GUEST POST from Danielle Bowers

We’re standing on the edge of a new frontier with social media.  Every step we take, every advance is new ground and we’re all learning as we go.  That said, we also have to figure out how to handle tragic events as they unfold.

By now we’ve seen it happen on Facebook, Google+, Twitter, Tumblr and other social media outlets.  Everyone is going about their days posting pictures of cats, silly memes, ecards, and businesses are promoting their services/wares.  There will be a few posts and like a stream turning into a river that bleeds into the ocean, the platforms are flooded with the news that a major tragedy is unfolding somewhere.  On social media, it doesn’t matter where you live or where you’re from, everyone emphasizes with the victims and mourns with the surviving families.

If you use social media as a business tool for marking yourself or a product, this is a time to go into action.  Posting cheerful content announcing that you’re marking your homemade bright yellow flip flops down by 50% while everyone else is posting candles and prayers for the fallen has become the social media equivalent to wearing white after labor day.  You don’t want to do it.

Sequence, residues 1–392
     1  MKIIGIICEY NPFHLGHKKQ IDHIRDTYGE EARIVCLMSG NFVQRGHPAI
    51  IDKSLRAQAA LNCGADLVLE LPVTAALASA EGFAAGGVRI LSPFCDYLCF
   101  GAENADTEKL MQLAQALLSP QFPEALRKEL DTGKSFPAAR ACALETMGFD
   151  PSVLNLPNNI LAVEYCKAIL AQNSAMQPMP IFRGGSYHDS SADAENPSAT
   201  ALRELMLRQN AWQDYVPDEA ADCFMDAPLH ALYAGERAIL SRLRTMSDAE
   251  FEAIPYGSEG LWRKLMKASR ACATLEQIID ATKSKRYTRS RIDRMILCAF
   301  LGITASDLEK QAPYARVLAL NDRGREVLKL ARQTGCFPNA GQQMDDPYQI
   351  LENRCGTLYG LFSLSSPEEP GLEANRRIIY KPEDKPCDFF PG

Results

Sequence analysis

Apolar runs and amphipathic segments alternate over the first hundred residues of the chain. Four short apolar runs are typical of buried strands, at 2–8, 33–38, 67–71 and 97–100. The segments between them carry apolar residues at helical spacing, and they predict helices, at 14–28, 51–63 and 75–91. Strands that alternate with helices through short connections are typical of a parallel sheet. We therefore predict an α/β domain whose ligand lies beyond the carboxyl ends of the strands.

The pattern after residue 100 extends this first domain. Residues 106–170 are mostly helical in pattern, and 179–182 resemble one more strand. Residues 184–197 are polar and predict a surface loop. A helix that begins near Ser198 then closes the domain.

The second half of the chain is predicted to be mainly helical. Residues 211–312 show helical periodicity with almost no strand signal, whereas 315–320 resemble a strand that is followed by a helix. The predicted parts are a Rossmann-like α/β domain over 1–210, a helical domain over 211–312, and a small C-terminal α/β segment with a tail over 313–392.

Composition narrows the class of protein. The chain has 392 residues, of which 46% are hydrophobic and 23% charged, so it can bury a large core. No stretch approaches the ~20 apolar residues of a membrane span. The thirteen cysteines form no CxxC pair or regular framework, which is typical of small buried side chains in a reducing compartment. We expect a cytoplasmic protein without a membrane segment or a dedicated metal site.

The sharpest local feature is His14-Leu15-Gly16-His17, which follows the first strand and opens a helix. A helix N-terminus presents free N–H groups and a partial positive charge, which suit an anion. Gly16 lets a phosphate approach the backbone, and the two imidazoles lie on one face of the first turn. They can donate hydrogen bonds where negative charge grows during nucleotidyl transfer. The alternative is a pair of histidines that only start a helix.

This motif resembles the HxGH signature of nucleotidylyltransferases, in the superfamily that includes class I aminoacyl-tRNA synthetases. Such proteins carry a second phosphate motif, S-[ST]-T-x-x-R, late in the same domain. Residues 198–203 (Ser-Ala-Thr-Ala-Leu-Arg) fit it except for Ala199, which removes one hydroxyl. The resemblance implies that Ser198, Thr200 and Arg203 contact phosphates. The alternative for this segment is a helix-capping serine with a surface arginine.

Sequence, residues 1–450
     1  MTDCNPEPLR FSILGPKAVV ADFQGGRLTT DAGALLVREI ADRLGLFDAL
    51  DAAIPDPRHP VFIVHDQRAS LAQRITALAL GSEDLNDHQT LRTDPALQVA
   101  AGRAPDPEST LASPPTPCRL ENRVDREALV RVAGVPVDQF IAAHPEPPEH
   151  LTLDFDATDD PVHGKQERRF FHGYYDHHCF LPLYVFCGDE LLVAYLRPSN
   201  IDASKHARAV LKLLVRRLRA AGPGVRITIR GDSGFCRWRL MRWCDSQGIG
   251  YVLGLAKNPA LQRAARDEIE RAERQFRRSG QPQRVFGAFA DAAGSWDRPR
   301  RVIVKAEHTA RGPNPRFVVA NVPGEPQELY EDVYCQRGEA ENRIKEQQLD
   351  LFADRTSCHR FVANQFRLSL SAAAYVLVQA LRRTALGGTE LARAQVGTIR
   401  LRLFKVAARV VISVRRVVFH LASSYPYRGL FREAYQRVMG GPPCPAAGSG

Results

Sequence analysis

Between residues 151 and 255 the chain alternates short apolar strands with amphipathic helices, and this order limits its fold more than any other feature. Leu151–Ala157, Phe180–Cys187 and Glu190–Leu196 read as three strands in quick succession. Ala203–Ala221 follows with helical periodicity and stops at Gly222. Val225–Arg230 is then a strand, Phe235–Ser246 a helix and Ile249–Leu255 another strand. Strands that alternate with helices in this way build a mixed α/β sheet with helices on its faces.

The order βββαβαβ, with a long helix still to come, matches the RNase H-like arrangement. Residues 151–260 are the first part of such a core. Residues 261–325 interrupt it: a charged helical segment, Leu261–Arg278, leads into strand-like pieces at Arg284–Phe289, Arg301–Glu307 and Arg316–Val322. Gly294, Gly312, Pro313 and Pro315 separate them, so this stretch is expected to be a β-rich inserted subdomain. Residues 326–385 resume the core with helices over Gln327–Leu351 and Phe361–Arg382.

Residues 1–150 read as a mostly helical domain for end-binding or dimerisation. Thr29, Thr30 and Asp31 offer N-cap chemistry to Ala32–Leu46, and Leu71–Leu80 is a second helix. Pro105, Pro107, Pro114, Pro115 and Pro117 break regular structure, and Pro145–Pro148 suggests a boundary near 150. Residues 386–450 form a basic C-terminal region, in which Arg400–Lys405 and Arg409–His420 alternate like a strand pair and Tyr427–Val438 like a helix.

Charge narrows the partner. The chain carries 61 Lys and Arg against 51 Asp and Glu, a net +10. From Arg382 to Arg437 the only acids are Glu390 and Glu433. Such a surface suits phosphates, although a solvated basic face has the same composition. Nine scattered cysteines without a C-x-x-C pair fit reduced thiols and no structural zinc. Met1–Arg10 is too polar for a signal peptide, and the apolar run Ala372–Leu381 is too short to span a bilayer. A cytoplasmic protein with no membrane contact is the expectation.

Here is a guideline for handling your business social media accounts during a tragedy:

1. Delete scheduled tweets/posts for the next 24 hours at least.  People will be focused on the tragedy unfolding and seeing your business plugging along as usual with the same old posts makes you seem callus and uncaring.

2. Don’t use the tragedy to promote yourself.  Yes, some people do this to farm for new followers.  A simple post/tweet stating, “The Yellow Flip Flop Company is thinking of/praying for the people of (tragedy location)”.  You acknowledge the tragedy and show your viewers you are in tune with current affairs.

3. If you have to promote, don’t use the disaster hash tag in your posts.  I shouldn’t have to say this, but I’ve seen it happen often enough to make it number three on this list.

4.  Selectively post.  I’m not saying don’t post anything, but there are ways to keep your social media presence going quietly.  Linking disaster relief fundraisers, starting your own fundraiser, announcing that a certain percentage of sales will be donated to a disaster relief fundraiser are tasteful.  Sharing which news sites are reliably posting correct information and what posts have been deemed untrue can help.

If this wouldn’t work for you or your business, a media blackout the first day or two may be a good idea.

5. Gauge your audience.  You can tell watching your feeds when your audience is over the worst of the shock and things are slowly getting back to social media normal.  A few cat posts or jokes will show up.  The tragedy won’t be the number one trending topic.  Watch your followers and start posting again, slowly at first, then work your way up to  normal schedule and tone over a couple days.

These are guidelines, not rules or laws.  How you handle your social media during a tragedy is up to you, but be aware that people are watching.

What are some of the guidelines you use for Social Media Management during crisis situations, or is this something you’ve thought about?